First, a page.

Chitwan National Park was a place slotted into our travel plans, mainly for my benefit. I had never been on a wildlife safari to see animals in their natural habitat. It was something that I had wanted to do but had never had the chance before.
Even though Lynette had already been to the country that is considered the King of Safaris (Africa) and had been on safari before, she still agreed that we should go to Chitwan whilst we were in Nepal so that I could have the experience.
The small settlement of Sauraha that borders the national park has a small strip of restaurants by the river, as well as a few convenience and souvenir shops. It was nice to sit and watch life on the river over breakfast and dinner.
We stayed at a lovely place on the edge of Sauraha called Rhino Land; from beginning to end the owner was so friendly and helpful; we couldn’t have asked for more. The room was very comfortable and spacious too.
When we arrived we were given a free tour of the nearby rural villages in which we saw rice fields, crops and locals hard at work. It was comforting to see people living happily here, despite the encroachment of tourists and the ever-present threat of an elephant or rhino trampling or eating their crops!
Exploring Chitwan National Park
Due to the park entrance fee not being cheap and the fact that we only had a short amount of time, we decided that I would go and do the things I wanted to do. I decided to do two activities in one day, a 3 hour morning walk through the park and a 3 hour jeep safari in the afternoon. It felt very odd doing it alone, but I knew Lynette would be OK doing her yoga and having her own time.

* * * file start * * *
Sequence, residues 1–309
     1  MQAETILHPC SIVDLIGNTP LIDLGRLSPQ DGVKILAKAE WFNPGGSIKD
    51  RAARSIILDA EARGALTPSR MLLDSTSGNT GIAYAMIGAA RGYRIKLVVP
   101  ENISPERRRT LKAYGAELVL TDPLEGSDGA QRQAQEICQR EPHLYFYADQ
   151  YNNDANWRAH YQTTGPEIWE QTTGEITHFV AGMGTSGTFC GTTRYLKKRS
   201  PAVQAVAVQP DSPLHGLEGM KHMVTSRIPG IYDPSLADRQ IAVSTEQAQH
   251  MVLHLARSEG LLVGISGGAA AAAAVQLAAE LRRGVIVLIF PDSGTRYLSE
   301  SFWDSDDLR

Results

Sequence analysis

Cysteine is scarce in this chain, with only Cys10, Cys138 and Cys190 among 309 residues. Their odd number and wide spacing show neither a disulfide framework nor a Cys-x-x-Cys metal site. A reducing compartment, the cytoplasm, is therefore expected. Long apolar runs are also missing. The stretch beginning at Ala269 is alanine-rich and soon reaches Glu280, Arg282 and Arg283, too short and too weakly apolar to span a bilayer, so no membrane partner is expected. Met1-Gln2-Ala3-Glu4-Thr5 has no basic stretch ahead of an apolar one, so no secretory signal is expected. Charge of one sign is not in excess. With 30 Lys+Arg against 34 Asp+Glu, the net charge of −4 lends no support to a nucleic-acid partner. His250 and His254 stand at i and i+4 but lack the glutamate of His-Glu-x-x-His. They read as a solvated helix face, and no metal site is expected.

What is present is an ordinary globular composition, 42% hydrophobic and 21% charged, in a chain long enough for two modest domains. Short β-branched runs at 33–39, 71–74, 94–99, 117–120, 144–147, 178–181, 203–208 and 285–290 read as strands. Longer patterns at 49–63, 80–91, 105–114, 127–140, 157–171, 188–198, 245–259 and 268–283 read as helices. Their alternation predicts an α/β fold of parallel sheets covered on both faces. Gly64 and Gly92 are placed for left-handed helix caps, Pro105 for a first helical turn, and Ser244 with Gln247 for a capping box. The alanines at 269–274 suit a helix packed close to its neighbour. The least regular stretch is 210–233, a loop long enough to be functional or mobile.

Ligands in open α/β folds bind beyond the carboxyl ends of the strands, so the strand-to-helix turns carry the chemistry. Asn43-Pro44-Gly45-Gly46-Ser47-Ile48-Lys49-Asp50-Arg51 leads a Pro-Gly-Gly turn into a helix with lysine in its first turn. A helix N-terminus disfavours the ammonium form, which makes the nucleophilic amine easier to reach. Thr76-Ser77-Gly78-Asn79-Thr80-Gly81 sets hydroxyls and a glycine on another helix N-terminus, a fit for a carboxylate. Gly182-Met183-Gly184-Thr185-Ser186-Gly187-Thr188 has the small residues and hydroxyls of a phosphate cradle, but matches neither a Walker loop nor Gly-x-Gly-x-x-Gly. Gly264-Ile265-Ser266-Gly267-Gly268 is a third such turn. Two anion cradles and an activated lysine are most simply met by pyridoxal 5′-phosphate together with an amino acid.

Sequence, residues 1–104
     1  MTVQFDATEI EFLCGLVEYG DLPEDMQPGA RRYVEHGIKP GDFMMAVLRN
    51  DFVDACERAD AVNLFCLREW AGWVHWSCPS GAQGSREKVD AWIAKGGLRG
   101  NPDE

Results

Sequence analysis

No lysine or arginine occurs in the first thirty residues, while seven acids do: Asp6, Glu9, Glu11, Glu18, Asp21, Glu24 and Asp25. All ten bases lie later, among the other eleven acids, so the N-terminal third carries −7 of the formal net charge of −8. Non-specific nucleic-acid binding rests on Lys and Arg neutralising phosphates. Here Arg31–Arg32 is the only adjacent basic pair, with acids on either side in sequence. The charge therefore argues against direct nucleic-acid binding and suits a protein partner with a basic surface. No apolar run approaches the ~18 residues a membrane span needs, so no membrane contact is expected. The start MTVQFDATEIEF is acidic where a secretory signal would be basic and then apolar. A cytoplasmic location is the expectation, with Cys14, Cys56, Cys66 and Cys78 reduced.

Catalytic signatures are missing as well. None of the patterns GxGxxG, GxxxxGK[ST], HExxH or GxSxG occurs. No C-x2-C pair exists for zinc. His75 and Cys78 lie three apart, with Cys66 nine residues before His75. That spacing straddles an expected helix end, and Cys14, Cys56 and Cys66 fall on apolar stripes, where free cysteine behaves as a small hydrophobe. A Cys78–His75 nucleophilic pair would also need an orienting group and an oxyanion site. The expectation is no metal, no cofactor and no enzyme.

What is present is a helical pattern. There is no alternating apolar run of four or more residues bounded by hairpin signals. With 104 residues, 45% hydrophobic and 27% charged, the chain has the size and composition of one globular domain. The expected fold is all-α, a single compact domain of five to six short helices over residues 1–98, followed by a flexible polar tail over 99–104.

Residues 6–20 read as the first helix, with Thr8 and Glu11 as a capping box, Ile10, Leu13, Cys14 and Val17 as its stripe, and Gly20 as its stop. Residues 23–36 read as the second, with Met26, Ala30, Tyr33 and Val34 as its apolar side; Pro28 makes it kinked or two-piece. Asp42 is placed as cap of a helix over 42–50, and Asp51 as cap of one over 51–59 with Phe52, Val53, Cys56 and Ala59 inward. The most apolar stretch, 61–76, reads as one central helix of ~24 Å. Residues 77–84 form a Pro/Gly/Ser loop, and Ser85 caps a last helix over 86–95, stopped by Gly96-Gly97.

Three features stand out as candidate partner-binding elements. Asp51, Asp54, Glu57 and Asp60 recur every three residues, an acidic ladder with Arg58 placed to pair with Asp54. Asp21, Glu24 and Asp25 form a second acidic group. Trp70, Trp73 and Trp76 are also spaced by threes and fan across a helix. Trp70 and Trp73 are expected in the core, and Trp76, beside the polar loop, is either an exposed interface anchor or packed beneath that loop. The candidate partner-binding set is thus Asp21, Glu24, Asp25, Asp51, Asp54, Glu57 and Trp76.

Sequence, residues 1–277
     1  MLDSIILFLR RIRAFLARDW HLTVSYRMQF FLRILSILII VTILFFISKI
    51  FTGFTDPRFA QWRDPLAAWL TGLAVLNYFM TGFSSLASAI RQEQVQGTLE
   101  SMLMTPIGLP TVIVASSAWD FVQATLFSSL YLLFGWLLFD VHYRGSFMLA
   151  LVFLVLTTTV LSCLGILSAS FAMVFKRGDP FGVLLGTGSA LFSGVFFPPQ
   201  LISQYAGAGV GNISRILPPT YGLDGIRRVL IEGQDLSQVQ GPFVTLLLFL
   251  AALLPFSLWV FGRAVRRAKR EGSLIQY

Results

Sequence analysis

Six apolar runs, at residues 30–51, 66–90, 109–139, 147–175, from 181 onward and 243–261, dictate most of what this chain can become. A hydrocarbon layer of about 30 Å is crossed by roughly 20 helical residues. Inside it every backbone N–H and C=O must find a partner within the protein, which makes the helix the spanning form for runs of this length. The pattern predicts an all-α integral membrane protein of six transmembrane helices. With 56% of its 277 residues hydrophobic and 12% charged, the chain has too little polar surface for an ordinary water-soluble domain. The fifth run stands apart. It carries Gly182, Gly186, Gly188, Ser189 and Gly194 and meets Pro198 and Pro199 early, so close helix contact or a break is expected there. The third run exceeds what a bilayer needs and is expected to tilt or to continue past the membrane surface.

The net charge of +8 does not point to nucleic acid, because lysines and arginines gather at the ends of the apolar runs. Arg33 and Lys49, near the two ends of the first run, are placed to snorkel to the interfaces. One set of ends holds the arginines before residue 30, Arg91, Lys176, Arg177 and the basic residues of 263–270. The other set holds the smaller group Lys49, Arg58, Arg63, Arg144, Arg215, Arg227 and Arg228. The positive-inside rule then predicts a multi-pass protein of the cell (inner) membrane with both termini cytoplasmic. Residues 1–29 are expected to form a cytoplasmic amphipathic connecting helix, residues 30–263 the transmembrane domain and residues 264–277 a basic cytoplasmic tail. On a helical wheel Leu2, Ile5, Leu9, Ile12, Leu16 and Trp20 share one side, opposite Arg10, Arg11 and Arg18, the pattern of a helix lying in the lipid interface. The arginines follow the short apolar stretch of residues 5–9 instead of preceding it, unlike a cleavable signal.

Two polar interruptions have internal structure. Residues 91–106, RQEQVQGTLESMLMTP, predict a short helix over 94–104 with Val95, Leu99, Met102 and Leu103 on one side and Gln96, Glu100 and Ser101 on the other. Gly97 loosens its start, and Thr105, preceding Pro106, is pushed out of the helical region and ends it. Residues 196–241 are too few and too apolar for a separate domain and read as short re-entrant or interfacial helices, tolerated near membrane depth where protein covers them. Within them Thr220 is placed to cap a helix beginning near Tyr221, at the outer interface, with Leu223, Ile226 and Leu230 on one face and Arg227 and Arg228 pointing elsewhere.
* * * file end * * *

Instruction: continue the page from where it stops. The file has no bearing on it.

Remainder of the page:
The Morning Walk
On the day of my solo adventure, I had breakfast and was met by a local government approved guide at 7 am; the earlier the better to have a chance of seeing some wildlife!
My guide, who was called Moon, was born in a village in the national park and moved out with the rest of the village when they were resettled by the government in the 1970’s. This was so that the national park could be created. He and his family had lived on the border of the park ever since and were apparently very happy.
With my guide equipped with binoculars and a rather large stick (for defense against animal attacks), we took a long-tail boat across the river that is technically the parks border. On the way, Moon pointed out four crocodiles that were lying in the water – not a comforting thought when you’re in a wooden boat low to the water!
Safely across, we began our walk. I had been warned, “do not wear the red colour” as this would make me a target if spotted! We trekked through forest and mangrove and Moon pointed out different plant and tree species. It is possible to see crocodiles, elephants, rhinos and a whole range of different bird species in the park; if you are lucky, you might even spot a tiger or sloth bear.
Lynette was a bit worried about me being on foot but I’d told her that I’d be OK with my guide. I had no expectations of seeing anything; if you look for something, you won’t find it. So I told myself to just enjoy the experience; at worst I’d have had a pleasant walk and if I saw anything it would be a bonus.